“No sir. I don’t have any brothers or sisters.”

He stared at me blankly. “I’m surprised your parents didn’t name you Only,” he deadpanned, and then glanced around to see which students had laughed.

I’m surprised your parents didn’t name you Jerk! I thought. I didn’t feel like getting kicked out of class for saying it.

There were cruder remarks of course, referring in one way or another to a flower as a part of the female anatomy. They really don’t need to be repeated. It was largely due to these latter offenses that my teachers were requested after the mirth of first roll call each semester, to please address me by my middle name. And so while most everyone knew my first name, they all called me Annie.

But Jessi called me Flower. So it was obvious when she called me Annie, she was telling me she didn’t think we should get too familiar with the two boys sitting next to us now in Marlin’s ice cream parlor.

© 2012 Anne Schilde

About Anne Schilde

Image "Webster's Kiss" © 2011 Anne Schilde Thanks always for reading! ♥
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26 Responses to A Flower by Annie Other Name…?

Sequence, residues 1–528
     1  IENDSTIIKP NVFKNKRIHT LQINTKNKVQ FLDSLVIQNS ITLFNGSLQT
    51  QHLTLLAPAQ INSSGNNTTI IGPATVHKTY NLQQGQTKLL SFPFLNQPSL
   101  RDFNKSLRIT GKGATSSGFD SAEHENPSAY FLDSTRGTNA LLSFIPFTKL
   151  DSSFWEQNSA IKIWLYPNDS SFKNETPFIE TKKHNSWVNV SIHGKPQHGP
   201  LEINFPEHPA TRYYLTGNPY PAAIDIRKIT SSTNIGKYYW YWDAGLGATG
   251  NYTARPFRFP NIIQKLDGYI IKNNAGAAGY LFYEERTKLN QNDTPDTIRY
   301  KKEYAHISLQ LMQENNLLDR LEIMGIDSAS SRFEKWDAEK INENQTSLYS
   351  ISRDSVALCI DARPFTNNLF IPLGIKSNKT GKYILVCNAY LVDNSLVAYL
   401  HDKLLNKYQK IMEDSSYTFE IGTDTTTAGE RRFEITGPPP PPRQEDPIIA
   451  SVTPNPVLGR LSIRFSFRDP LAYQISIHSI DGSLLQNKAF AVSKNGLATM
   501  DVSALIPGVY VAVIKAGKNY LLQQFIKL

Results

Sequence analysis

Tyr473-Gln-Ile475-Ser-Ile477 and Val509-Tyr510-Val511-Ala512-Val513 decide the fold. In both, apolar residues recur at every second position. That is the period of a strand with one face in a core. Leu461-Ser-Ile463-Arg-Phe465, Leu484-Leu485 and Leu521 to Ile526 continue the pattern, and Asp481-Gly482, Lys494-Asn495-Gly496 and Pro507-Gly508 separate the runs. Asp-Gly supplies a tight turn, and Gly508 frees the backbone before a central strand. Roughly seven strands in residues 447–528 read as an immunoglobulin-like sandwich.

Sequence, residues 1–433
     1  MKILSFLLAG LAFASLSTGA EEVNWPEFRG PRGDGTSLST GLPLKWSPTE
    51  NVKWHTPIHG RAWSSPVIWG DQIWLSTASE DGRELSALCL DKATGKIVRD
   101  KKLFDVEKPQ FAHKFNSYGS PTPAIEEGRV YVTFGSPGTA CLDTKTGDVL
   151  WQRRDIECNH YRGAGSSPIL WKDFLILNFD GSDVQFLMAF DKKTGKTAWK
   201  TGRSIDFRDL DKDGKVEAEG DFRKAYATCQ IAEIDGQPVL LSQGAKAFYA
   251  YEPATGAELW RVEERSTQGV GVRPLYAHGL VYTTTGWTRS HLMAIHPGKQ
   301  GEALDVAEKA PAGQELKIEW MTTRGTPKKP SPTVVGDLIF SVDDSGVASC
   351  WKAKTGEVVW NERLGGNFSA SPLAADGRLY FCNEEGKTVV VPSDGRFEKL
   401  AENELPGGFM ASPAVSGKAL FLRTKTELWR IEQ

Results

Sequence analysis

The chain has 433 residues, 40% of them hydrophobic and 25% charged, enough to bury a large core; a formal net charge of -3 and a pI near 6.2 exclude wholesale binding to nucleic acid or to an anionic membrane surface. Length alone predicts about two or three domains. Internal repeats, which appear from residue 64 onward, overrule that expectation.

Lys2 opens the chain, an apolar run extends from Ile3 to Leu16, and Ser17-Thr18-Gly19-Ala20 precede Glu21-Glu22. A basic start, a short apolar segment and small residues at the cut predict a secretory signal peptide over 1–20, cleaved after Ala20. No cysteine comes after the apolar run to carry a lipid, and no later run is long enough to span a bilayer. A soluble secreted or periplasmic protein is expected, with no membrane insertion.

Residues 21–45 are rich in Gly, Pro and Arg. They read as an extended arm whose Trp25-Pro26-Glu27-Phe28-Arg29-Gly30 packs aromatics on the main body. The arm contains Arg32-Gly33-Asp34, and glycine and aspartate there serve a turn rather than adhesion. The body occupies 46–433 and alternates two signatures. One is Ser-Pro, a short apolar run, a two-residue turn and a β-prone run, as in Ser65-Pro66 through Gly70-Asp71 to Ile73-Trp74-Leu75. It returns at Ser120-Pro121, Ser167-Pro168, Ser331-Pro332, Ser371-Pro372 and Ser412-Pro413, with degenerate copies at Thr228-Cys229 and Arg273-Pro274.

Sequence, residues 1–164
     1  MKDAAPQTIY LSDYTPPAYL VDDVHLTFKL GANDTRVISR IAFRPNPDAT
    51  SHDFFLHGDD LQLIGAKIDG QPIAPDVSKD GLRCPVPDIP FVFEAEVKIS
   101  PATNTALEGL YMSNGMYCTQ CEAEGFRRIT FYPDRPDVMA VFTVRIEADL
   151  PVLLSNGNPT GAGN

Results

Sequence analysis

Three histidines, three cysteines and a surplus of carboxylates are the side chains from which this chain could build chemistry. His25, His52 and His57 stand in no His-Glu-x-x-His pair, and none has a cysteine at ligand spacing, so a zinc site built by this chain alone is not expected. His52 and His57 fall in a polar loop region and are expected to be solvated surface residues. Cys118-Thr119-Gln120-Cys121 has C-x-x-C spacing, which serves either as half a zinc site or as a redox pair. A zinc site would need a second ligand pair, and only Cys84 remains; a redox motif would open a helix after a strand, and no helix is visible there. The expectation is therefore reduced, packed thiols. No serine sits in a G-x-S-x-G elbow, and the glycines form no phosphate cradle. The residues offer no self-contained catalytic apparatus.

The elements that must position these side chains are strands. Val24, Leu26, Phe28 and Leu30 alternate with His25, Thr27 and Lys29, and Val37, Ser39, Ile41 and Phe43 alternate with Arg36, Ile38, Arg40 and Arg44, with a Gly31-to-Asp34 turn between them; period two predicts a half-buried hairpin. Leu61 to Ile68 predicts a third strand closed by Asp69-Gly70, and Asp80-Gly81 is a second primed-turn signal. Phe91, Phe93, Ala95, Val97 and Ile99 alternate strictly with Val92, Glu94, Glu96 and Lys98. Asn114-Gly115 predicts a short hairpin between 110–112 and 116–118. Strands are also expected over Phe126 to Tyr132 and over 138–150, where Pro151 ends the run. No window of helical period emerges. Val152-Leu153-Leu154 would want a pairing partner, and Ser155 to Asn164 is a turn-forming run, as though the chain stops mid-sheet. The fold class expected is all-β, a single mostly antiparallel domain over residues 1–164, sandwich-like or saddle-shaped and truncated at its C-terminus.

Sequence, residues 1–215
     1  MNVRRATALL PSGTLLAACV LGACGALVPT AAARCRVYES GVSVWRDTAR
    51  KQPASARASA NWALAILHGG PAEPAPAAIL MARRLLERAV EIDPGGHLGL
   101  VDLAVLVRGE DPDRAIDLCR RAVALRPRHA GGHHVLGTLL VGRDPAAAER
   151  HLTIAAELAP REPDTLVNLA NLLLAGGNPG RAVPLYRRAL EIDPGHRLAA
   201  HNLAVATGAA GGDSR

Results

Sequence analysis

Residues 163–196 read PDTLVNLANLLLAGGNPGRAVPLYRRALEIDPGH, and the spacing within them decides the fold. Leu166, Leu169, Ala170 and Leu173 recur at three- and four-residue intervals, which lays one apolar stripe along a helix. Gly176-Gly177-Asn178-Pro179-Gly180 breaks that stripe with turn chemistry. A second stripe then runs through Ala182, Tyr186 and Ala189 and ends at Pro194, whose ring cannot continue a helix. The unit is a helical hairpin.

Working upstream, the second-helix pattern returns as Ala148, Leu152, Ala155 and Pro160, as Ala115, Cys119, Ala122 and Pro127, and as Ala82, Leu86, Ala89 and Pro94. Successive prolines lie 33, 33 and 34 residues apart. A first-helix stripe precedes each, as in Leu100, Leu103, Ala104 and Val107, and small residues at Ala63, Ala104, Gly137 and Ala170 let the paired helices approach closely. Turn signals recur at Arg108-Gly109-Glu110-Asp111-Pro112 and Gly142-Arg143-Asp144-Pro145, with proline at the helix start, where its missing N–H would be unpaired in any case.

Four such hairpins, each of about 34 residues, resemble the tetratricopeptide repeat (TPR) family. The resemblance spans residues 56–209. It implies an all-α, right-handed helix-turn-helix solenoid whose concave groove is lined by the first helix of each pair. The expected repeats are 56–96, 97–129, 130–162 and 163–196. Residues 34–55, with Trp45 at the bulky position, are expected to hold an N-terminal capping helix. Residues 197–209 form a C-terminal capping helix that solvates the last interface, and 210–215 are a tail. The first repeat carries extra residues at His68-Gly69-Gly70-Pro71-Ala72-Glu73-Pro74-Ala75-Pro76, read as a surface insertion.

1. Hi Anne 🙂

    Wow, you have a pretty impressive blog here hon! 🙂


  2. Thu says:

    This hits too close to home. It know what it’s like to be made fun of because of your name.

    • Anne Schilde says:

      I totally forgot about that, but you told me before. I love your name. ♥ Thu is my favorite day of most weeks. Thu is the pattern sequence in to, too, two… a name that means “loving couple”. Thu is a name that stands for reason. It is why. And when all your evidence is presented, and no one else agrees, it is the sound their ignorance deserves. I think it is a good name! ♥

    • Ermilia says:

      I love original names. People keep calling me Elizabeth because they either don’t notice my name is Eliabeth or because they assume I typed it in wrong. I do however understand the teasing kids receive when their names are unique, so I’m trying to get it all out of my system by using the names on characters rather than kids. So far my top character names are Paisley and Mandolin. We also have a Crescendo, but he goes by Cris.

  3. manty67 says:

    Wow, love the blog. Look forward to reading more. It’s Vikki from “The View Outside’s” fault I found you. Saw your comment on insecure writers.

  4. joetwo says:

    I like how a simple fact, like saying a name differently than usual can lead to such an outpouring of memory. Nice Piece Anne.

    • Anne Schilde says: